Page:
PERSONALITY DISORDER/SELF ABUSE

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    Would anyone who has any insights or good resources on the internet, please respond. My facility has no policy on admission and treatment of borderline personality disordered clients who are repeatedly readmitted and self-abuse during admission/stay. Can anyone please comment or share admission and treatment protocol.

    Thank you,



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    Barb
    Registered Practical Nurse
    Psychiatry
    Ontario CANADA
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  4. 0
    Originally posted by BarbRPN:
    Would anyone who has any insights or good resources on the internet, please respond. My facility has no policy on admission and treatment of borderline personality disordered clients who are repeatedly readmitted and self-abuse during admission/stay. Can anyone please comment or share admission and treatment protocol.

    Thank you,

    Dialectical Behavior Therapy (DBT) is a compassionate psychosocial treatment for borderline personality disorder with proven effectiveness including: reduced suicidal behaviors, reduced substance abuse, reduced therapy dropout rates, and reduced hospitalization. I plan to go to a workshop soon by Patricia Verby MA LP that will give a comprehensive overview of DBT.

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    Originally posted by ck:

    [/b]
    Dialectical Behavior Therapy (DBT) is a compassionate psychosocial treatment for borderline personality disorder with proven effectiveness including: reduced suicidal behaviors, reduced substance abuse, reduced therapy dropout rates, and reduced hospitalization. I plan to go to a workshop soon by Patricia Verby MA LP that will give a comprehensive overview of DBT.
    [/B][/QUOTE]

    CK,

    Thank you very much for responding. Ironically enough, I was just reading about Dialectical Behavior Training the night before last. I've been searching the net every night in my free time, for therapy models for this type of client. The DBT was the model that was most desirable to me and seemed the most all-encompasing for this particular client. I would love to attend such a conference but I live in a very small town and there is never any conferences within a day's trip. And despite the fact that I work in a huge facility, we are in a divestment transition between government and public governance of the facilty, so budget for such a conference is always denied. If I could afford to pay for entire conferences I would do it, but I can't. At any rate, I would be interested in learning more about this therapy, do you have any websites that you find particularly helpful? I need to present information to my team, particulary the medical part of the team. Right now we are using up nursing resources to the MAX on this one client. She is on constant observation 24/7 at an arm's length. What really gets me hot under the collar is that we are providing her with nothing more than a "paid companion". We are doing NO therapy what so ever. We are giving her no responsibility for her actions/decsisions. We aren't empowering this client AT ALL and I feel that the longer we keep her in this situation the more dependant she will become on this type of relationship. She even calls us her "body guards"! This is not therapeutic at all. The doctor is of the opinion that the nurses will be the downfall of this client because we suggest that this relationship and technique is not only NOT therapeutic but detrimental. The doctor says we are damaging the patient by suggesting this but our supervisor will not support us in any manner. (this is not unique to this situation only). I'm not even cautiously optimistic that the doctor will be ammenable to even review any info on DBT but at this point I figure there's nothing to lose. The last admission this client was on one to one, arm's length observation 24/7 for FIVE years!!!! I know this client from two other units I've worked on and aside from the obvious, I know that this current intervention DOES NOT WORK and is not therapuetic in the least.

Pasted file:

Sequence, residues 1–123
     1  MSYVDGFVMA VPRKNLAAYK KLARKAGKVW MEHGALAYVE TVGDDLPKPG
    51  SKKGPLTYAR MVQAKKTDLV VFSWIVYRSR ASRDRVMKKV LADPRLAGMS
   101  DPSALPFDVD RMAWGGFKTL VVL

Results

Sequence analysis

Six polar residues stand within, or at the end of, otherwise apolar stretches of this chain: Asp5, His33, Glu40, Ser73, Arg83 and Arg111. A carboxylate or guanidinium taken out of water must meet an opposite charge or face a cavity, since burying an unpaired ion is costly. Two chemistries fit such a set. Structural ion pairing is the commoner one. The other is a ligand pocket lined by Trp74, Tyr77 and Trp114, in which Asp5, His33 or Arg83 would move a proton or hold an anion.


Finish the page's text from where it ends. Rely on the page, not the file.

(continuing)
Thank you for your comment and if you have any good web resources, please post or email them directly.




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    Barb
    Registered Practical Nurse
    Psychiatry
    Ontario CANADA
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    I went to my favorite search engine: Dogpile.com....and entered "cutting" and then "self-mutilation"....large reponse to each inquiry ranging from professional sites to sites BY cutters FOR cutters...interesting insights!